I first went on board her when I was fourteen years old, and I remember being more than a little disappointed.  That night, in the Boston hotel room, I said to my parents, "I didn't come here to see a bunch of glass cases and curios and a gift shop; I came to see a ship."  (I also remember listening while a member of the crew solemnly explained to a group of visitors that when the ship was in port the sailors' wives were quartered on the deck below the gundeck, where they sometimes gave birth to babies, so it was called the birth deck.  Gawd help us.)  She presents a completely different impression nowadays, and that's a source of tremendous satisfaction to me.  But I wasn't a typical visitor in 1965, and I'm still not.  I wonder whether the average visitor in 1965 and the average visitor in 2005 had significantly different experiences on board her.  Millions of dollars have been spent on that ship since 1965, and by my personal definition almost every dollar of it has been well spent.  Has that money made a significant difference to the public's perception of the ship - or its knowledge of early American history?  I don't know.  I hope so.  But I wouldn't be able to blame any federal bean counter for asking the question.

By now it's obvious that I'm a post-middle-aged man suffering from a rather serious case of cynicism, arising from more than thirty years of dealing with college undergraduates (and stepchildren, for that matter).  But as ship modelers and nautical history buffs, we do need to realize that we're the unusual ones - and ship preservation projects would never take place if they relied exclusively on people like us.

Youth, talent, hard work, and enthusiasm are no match for old age and treachery.

  • Member since
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  • From: New York City
Posted by Goshawk on Thursday, September 14, 2006 10:15 AM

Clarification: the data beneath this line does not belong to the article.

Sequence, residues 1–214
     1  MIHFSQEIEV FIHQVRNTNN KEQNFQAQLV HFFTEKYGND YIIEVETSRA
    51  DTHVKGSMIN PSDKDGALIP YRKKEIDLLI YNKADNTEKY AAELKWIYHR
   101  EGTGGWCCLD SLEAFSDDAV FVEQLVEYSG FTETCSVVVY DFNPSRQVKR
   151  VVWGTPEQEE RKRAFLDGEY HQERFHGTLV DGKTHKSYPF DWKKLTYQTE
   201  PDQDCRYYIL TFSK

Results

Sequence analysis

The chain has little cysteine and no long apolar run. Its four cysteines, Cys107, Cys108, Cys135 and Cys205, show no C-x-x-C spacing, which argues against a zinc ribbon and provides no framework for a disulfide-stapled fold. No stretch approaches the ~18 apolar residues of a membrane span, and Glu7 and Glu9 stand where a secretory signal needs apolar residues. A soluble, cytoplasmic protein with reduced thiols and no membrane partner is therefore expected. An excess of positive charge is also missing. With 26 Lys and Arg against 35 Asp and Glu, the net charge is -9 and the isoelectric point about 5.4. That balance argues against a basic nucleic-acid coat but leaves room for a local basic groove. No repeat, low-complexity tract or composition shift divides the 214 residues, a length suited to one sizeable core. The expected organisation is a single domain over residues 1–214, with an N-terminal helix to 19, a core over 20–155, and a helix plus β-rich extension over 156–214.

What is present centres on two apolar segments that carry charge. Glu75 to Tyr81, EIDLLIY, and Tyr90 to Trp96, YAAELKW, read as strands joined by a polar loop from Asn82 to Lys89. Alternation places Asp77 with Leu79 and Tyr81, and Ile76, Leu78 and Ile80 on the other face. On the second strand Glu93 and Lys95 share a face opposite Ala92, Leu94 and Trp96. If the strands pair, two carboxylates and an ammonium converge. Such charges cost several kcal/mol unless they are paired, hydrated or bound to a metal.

John,

I couldn't aggree with you more, the average "young person" thinks the events of 9/11/2001 are ancient history, go back further than that and forget it.

I too am a cynic, although only middle aged. My oldest daughter is in her third year of college at Temple University and she is majoring in secondary education. She wants to be a history teacher, to which she would be very good. She has a wonderful sense of history (due at least in part to her dad) as well as a contagious enthusiasm.

However, I've already warned her that it will be a tough road ahead trying to get kids, especially high school aged ones, interested in events that took place 200-300 years ago. I hope she can hack it.

  • Member since
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  • From: Maastricht, The Netherlands
Posted by bryan01 on Thursday, September 14, 2006 10:28 AM
 jtilley wrote:

(According to the survey I distribute at the beginning of each introductory-level U.S. history course, the average undergraduate doesn't know what country the U.S. was fighting in the War of 1812.  Scarcely any of them can tell me the year when the American Civil War ended, and about a quarter of them don't know whether the U.S. supported the North or the South in Vietnam.) 

Another example: in Rotterdam it frequently happens that (young) German tourists ask directions to the old city centre…..

 

Bryan
  • Member since
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  • From: San Diego
Posted by jgonzales on Thursday, September 14, 2006 11:09 AM

Yes, we are the unusual ones - and while ship preservation projects would not occur exclusively on our support, it is certainly true that they would not take place at all without it. It is often the task of an interested few to preserve for posterity that which goes unappreciated and unloved by the many (I hope that does not sound elitist - I don't intend it that way, and we each have our different interests). Fortunately for the Constitution the beancounter's questions have been always overcome by the rabble-rousing of the interested few, enough stirring by them to create a groundswell throughout the country.

Here in San Diego, the rabble rousing of a few interested people saved, preserved, and restored to full function a beautiful ship, the Star of India, the oldest sailing iron-hulled merchant ship afloat. Recently the San Diego Maritime Museum obtained the HMS Surprise, the replica used in "Master and Commander: the Far Side of the World". I went aboard her, and was pleased by the appearance of the topsides and rig, and a little disappointed at the view below decks - she's not a full replica of a fighting frigate: e.g. lots of deckspace below (no ducking the beams), a ship's wheel and engine controls (the wheel topside is non-functional), a handfull of plastic/fiberglass cannon.. The ship was originally built as HMS Rose, a sail training ship that was actively plying the seas before she was bought by the movie studio.